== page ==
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Photographer's Note

The Metéora (Greek: "suspended in the air" or "in the heavens above") is one of the largest and most important complexes of Eastern Orthodox monasteries in Greece, second only to Mount Athos. The six monasteries are built on natural sandstone rock pillars, at the northwestern edge of the Plain of Thessaly.

The Theopetra caves 5 kilometres south of Meteora had inhabitants fifty millennia ago. In the 9th century, an ascetic group of hermit monks moved up to the ancient pinnacles. They were the first people to inhabit Metéora. They lived in hollows and fissures in the rock towers, some of which reach 550m above the plain. This great height, combined with the sheerness of the cliff walls, kept away all but the most determined visitors. Initially the hermits led a life of solitude, meeting only on Sundays and special days to worship and pray in a chapel built at the foot of a rock known as Dhoupiani.

The exact date of the establishment of the monasteries is unknown. By the late 11th and early 12th century, a rudimentary monastic state had formed called the Skete of Stagoi and was centered around the still-standing church of Theotokos (mother of God). By the end of the 12th century, an ascetic community had flocked to Metéora.

In 1344, Athanasios Koinovitis from Mount Athos brought a group of followers to Metéora. From 1356 to 1372, he founded the great Meteoron monastery on Broad Rock, which were perfect for the monks; they were safe from political upheaval and had complete control of the entry to the monastery. The only means of reaching it was by climbing a long ladder, which was drawn up whenever the monks felt threatened.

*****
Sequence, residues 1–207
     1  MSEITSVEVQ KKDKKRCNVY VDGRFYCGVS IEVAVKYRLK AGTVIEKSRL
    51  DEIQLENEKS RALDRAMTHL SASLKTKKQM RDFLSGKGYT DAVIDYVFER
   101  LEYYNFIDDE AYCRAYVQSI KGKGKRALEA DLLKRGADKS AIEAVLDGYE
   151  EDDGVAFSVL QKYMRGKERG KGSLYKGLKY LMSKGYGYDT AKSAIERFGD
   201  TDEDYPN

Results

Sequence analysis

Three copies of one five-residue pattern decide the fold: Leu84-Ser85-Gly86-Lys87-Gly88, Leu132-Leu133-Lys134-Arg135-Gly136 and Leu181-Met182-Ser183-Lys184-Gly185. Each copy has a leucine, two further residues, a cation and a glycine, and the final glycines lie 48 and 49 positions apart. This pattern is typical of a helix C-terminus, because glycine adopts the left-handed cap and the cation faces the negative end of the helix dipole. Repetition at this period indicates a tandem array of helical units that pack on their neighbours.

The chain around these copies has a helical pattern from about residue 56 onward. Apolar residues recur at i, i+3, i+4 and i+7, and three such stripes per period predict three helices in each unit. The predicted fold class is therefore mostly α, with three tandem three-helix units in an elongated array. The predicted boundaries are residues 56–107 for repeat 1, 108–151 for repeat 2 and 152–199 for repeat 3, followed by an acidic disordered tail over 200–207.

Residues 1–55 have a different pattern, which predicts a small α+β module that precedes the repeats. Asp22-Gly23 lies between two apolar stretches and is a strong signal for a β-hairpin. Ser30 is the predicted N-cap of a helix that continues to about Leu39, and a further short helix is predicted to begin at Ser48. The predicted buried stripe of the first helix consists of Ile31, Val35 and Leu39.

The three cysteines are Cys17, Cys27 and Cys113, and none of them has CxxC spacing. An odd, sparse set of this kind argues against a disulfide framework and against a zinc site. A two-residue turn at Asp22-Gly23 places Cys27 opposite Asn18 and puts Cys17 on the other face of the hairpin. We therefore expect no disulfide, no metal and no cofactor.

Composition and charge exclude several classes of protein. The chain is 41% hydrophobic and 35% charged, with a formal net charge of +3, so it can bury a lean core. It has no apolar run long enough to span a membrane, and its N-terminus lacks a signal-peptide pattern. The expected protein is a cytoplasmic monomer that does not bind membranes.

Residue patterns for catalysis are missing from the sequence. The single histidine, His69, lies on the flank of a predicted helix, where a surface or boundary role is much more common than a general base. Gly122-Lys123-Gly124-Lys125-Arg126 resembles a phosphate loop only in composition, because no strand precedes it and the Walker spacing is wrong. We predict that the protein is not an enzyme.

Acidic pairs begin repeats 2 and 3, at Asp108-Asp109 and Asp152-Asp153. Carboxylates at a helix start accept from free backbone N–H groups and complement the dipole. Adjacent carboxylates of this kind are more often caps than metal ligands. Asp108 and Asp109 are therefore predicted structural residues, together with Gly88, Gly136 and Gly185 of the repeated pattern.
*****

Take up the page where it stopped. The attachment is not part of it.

At the end of the 14th century, the Byzantine Empire's 800-year reign over northern Greece was being increasingly threatened by Turkish raiders who wanted control over the fertile plain of Thessaly. The hermit monks, seeking a retreat from the expanding Turkish occupation, found the inaccessible rock pillars of Meteora to be an ideal refuge. More than 20 monasteries were built, beginning in the 14th century. Six remain today. In 1517, Nectarios and Theophanes built the monastery of Varlaám, which was reputed to house the finger of St John and the shoulder blade of St Andrew. In the 1920s there was an improvement in the access to the Varlaam monastery. Steps were cut into the rock, making the complex accessible via a bridge from the nearby plateau.

Of these six monasteries that exist today, four were inhabited by men, and two by women. Each monastery has fewer than 10 inhabitants. The monastery of Holy Trinity was a filming location in the 1981 James Bond movie For Your Eyes Only.

The Holy Monastery of Great Meteoron you see on the picture is the largest of the monasteries located at Metéora. It was erected in the mid-14th century AD and was the subject of restoration and embellishment projects in 1483 and 1552. The building serves as the main museum for tourists. The Katholikon (main church), consecrated in honour of the Transfiguration of Jesus was erected in the middle of 14th c. and 1387/88 and decorated in 1483 and 1552.

Scanned from slide, cropped, increased shrapness and saturation, applied Neat Image, gradual toning and retouches.

Source: Meteora

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Additional Photos by Erdem Kutukoglu (Suppiluliuma) Gold Star Critiquer/Gold Star Workshop Editor/Gold Note Writer [C: 260 W: 105 N: 596] (3885)
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